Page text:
Barack Obama has called on the US Congress to approve $500m to train and equip vetted Syrian rebels, in what would be a significant escalation of US involvement in the conflict.
The White House on Thursday said it intended to "ramp up US support to the moderate Syrian opposition ... to help defend the Syrian people, stabilise areas under opposition control ... counter terrorist threats, and promote conditions for a negotiated settlement".
The funds would allow the US military to "train and equip appropriately vetted elements of the moderate Syrian armed opposition," said John Kirby, a Pentagon spokesman.
There is no military solution to this crisis and ... the United States should not put American troops into combat in Syria.
The National Security Council's spokeswoman Caitlin Hayden said the funding "would build on the administration's long-standing efforts to empower the moderate Syrian opposition".
Russia's ambassador to the UN, Vitaly Churkin, however said that the US plan was a step in the wrong direction. “I am sure that it is possible to spend it for something more useful,” he said.
The announcement came hours before the Syrian National Coalition, the opposition group afforded diplomatic status by the US, sacked the chief of staff of the Free Syrian Army, its military wing, over corruption allegations.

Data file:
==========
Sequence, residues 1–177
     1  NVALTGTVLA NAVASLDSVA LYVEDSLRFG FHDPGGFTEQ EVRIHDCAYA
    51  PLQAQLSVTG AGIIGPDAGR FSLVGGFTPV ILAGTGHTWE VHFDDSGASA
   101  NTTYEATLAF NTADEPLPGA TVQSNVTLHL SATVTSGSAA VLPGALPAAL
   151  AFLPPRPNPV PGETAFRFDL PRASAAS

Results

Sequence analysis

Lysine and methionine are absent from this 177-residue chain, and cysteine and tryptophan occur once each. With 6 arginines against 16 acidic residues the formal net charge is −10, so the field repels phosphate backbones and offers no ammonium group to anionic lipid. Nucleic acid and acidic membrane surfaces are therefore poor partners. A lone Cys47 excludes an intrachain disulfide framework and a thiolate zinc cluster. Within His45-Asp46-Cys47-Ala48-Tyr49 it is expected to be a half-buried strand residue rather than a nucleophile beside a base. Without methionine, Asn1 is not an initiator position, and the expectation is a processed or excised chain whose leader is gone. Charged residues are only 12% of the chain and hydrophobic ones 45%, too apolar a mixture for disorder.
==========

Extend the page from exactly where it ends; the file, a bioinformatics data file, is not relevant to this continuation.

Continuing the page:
The SNC said Brigadier General Abdelilah al-Bashir was sacked and his Supreme Military Council disbanded, and called on "revolutionary forces on the ground" to set up a new council within a month and revamp the command structure. It made no further statement on the corruption claims.
Bashir is the second FSA commander to be sacked this year. Salim Idriss lost his job in February after his forces suffered setbacks against other rebel groups, such as the Islamic State of Iraq and the Levant, and forces loyal to the Assad regime.
About $287m in mainly non-lethal support has been cleared for the rebels since March 2011, and the CIA has participated in a secret military training programme in neighbouring Jordan for the 'moderate' opposition.
The $500m in aid is part of a proposed $1.5bn "regional stabilisation initiative" to bolster Syrian neighbours Jordan, Lebanon, Turkey and Iraq, and to support communities hosting refugees.
Hayden said US officials "believe that there is no military solution to this crisis and that the United States should not put American troops into combat."
But she said that the request for the rebels would help Syrians "push back against the growing number of extremists like ISIL, who find safe-haven in the chaos".
Meanwhile the Iraqi prime minister, Nouri al-Maliki, has said he "welcomed" air attacks by Syria against ISIL targets on Iraqi soil, after raids on the border town of al-Qaim on Tuesday.
Maliki told the BBC Arabic that Baghdad did not request the air raids.
"There was no coordination involved, but we welcome this action. We welcome any Syrian strike ... because this group targets both Iraq and Syria ... But we didn't make any request from Syria. They carry out their strikes and we carry out ours. The final winners are our two countries," he said in the BBC interview.